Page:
Highfields governors delay decision on academy conversion as campaigners call for post-lockdown meeting

Governors of Highfields School have again delayed any move to break away from Derbyshire County Council to join a chain of academies based in Nottinghamshire.

Tuesday, 30th March 2021, 10:07 pm

At a meeting on Thursday, March 25, governors agreed to keep the process on hold until at least April 29, when they next gather, rather than proceed immediately to a formal consultation.

Headteacher Andrew Marsh said: “We will be writing to all parents and carers to let them know the move is still paused due to current circumstances with Covid .

“Governors are very keen to have a quality, transparent debate , and for all stakeholders to come together to evaluate the facts.”

Hands Off Highfields campaigners outside the school in 2020.
Hands Off Highfields campaigners outside the school in 2020.

He added: “It would be ideal to have some face-to-face meetings but we are not able to second guess how the Government road map develops.”

School parents and community residents held their own online meeting on Monday, March 29.

Speakers including Kevin Courtney, General Secretary of the National Education Union (NEU), raised concerns about the irreversible implications of becoming an academy for the school’s finances, staffing, governance, and impact on student attainment.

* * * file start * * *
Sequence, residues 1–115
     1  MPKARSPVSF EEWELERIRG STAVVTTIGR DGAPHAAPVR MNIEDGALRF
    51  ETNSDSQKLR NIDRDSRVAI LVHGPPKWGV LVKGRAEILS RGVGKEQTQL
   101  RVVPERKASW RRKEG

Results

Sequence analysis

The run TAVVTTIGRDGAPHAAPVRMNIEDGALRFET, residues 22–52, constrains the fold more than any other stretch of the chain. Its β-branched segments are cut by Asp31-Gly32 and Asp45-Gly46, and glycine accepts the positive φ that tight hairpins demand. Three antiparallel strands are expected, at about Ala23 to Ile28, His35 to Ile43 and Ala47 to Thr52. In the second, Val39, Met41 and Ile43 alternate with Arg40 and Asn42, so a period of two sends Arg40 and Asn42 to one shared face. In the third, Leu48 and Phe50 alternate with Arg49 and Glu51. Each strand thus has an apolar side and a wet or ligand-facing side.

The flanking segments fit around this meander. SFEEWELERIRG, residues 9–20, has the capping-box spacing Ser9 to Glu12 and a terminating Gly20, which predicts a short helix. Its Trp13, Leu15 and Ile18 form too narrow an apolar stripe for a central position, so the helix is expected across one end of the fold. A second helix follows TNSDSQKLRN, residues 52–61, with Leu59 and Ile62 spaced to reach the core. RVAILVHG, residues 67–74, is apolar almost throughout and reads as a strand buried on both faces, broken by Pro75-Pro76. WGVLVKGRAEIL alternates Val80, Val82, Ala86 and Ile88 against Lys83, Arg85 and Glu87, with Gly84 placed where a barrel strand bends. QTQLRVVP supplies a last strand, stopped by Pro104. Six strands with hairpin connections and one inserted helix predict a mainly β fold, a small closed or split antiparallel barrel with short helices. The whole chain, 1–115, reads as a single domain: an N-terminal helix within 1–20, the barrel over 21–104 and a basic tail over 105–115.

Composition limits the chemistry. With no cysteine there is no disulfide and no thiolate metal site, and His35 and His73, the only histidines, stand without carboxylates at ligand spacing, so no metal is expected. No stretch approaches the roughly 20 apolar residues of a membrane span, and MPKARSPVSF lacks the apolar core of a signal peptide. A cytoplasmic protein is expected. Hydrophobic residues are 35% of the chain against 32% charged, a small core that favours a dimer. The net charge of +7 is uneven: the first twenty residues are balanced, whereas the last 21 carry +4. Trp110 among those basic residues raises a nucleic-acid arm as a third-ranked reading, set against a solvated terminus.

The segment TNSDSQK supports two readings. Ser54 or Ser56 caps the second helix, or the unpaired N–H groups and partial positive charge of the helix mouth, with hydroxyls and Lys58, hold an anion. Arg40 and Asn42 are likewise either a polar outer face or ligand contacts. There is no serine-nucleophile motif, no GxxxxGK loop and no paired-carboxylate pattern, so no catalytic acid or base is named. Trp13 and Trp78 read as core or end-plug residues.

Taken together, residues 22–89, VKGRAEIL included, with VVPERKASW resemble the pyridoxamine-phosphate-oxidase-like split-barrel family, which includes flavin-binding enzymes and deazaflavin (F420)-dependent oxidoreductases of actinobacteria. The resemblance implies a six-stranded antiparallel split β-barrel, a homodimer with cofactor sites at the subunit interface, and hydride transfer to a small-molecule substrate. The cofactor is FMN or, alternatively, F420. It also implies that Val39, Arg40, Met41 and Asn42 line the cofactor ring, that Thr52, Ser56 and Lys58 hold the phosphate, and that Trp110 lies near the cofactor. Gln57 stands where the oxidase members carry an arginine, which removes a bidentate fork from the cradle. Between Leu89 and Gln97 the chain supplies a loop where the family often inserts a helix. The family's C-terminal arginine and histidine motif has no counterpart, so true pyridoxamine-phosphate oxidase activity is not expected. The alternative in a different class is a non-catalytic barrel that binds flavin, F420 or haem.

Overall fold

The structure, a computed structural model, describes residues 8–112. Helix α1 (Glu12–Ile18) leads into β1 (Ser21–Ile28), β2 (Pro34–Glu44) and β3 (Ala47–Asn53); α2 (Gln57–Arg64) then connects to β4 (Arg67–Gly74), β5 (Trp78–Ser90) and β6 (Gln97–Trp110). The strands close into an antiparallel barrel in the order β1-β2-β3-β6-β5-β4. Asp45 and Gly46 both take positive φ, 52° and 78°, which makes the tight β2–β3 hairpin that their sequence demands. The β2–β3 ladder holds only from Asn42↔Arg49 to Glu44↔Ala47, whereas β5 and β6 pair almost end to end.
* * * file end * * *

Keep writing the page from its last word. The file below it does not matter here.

Local contributors questioned the way the process has been handled so far, and speculated about the future of school land once it is no longer in public ownership.

A feasibility study conducted around 2017 rejected any possibility of consolidating the school on to a single site at Lumsdale.

Parent Helen Cunningham, part of the Hands Off Highfields campaign, said: “We’re calling for the process to be halted until a face-to-face meeting can be held safely, with the public invited to ask questions. Not everyone is against it, but most people want to find out more, and it’s hard to do that remotely.”

The NEU reports an overwhelming majority of Highfields members are concerned about the proposal and upset it is being pushed during lockdown with no opportunity for discussion.

Senior regional officer Nick Raine said: “It’s in the best interests of the school to stay with the local authority. The working environment and the school community is special and this could be lost with academisation.”

School leaders have set out their case for the proposal at https://bit.ly/398gl0a.

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